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Can Long-Term Cohabiting and Marital Unions be Incentivized?

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  • Audrey Light

    ()
    (Department of Economics, Ohio State University)

  • Yoshiaki Omori

    (Faculty of Economics, Yokohama National University)

Abstract

In this study, we ask whether economic factors that can be directly manipulated by public policy have important effects on the probability that women experience long-lasting unions. Using data from the 1979 National Longitudinal Survey of Youth, we estimate a fivestage sequential choice model for women’s transitions between single with no prior unions, cohabiting, first-married, re-single (divorced or separated), and remarried. We control for expected income tax burdens, AFDC or TANF benefits, Medicaid expenditures, and parameters of state divorce laws, along with an array of demographic, family background, and market factors. We simulate women’s sequences of transitions from age 18 to 48, and use the simulated outcomes to predict the probability that a woman with given characteristics (a) forms a first union by age 24 and maintains the union for at least 12 years, and (b) forms a second union by age 36 and maintains it for at least 12 years. While nonpolicy factors such as race and schooling prove to have important effects on the predicted probabilities of long-term unions, the policy factors have small and/or imprecisely estimated effects; in short, we fail to identify policy mechanisms that could potentially be used to incentivize long-term unions.

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Bibliographic Info

Paper provided by Ohio State University, Department of Economics in its series Working Papers with number 12-01.

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Length: 37 pages
Date of creation: Mar 2012
Date of revision:
Handle: RePEc:osu:osuewp:12-01

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  1. Aaron S. Yelowitz, 1998. "Will Extending Medicaid to Two-Parent Families Encourage Marriage?," Journal of Human Resources, University of Wisconsin Press, vol. 33(4), pages 833-865.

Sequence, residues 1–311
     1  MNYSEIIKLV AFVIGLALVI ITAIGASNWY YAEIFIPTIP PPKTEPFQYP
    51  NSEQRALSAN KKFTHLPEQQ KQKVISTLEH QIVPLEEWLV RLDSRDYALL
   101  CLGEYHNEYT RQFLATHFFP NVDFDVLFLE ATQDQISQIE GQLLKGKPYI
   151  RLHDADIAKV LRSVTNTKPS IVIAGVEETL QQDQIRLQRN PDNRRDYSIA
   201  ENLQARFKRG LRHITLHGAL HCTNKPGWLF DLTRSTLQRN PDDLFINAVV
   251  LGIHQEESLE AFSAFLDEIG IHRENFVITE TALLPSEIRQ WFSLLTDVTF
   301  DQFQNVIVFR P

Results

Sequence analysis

2. Robert Kaestner & Neeraj Kaushal, 2001. "Immigrant and Native Responses to Welfare Reform," NBER Working Papers 8541, National Bureau of Economic Research, Inc.
  3. Audrey Light & Yoshiaki Omori, 2013. "Determinants of Long-Term Unions: Who Survives the “Seven Year Itch”?," Population Research and Policy Review, Springer, vol. 32(6), pages 851-891, December.
  4. Saul D. Hoffman & Greg J. Duncan, 1995. "The Effect of Incomes, Wages, and AFDC Benefits on Marital Disruption," Journal of Human Resources, University of Wisconsin Press, vol. 30(1), pages 19-41.
  5. Leslie S. Stratton, 2002. "Examining the Wage Differential for Married and Cohabiting Men," Economic Inquiry, Western Economic Association International, vol. 40(2), pages 199-212, April.
  6. Marianne P. Bitler & Jonah B. Gelbach & Hilary W. Hoynes & Madeline Zavodny, 2002. "The impact of welfare reform on marriage and divorce," Working Paper 2002-9, Federal Reserve Bank of Atlanta.
  7. Stéphane Mechoulan, 2006. "Divorce Laws and the Structure of the American Family," Working Papers tecipa-245, University of Toronto, Department of Economics.
  8. Spiros Bougheas & Yannis Georgellis, . "The Effect of Divorce Costs on Marriage Formation and Dissolution," Economics and Finance Discussion Papers 97-05, Economics and Finance Section, School of Social Sciences, Brunel University.
  9. Cornwell, Christopher & Rupert, Peter, 1997. "Unobservable Individual Effects, Marriage and the Earnings of Young Men," Economic Inquiry, Western Economic Association International, vol. 35(2), pages 285-94, April.
  10. Peters, H Elizabeth, 1986. "Marriage and Divorce: Informational Constraints and Private Contracting," American Economic Review, American Economic Association, vol. 76(3), pages 437-54, June.
  11. James J. Heckman & John Eric Humphries & Sergio Urzua & Gregory Veramendi, 2010. "The effects of educational choices on labor market, health, and social outcomes," Working Papers 2011-002, Human Capital and Economic Opportunity Working Group.
  12. Audrey Light & Yoshiaki Omori, 2009. "Economic Incentives and Family Formation," Working Papers 09-08, Ohio State University, Department of Economics.
  13. Robert Moffitt & Robert Reville & Anne Winkler, 1998. "Beyond single mothers: Cohabitation and marriage in the AFDC program," Demography, Springer, vol. 35(3), pages 259-278, August.
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Cited by:
  1. Audrey Light & Yoshiaki Omori, 2013. "Determinants of Long-Term Unions: Who Survives the “Seven Year Itch”?," Population Research and Policy Review, Springer, vol. 32(6), pages 851-891, December.

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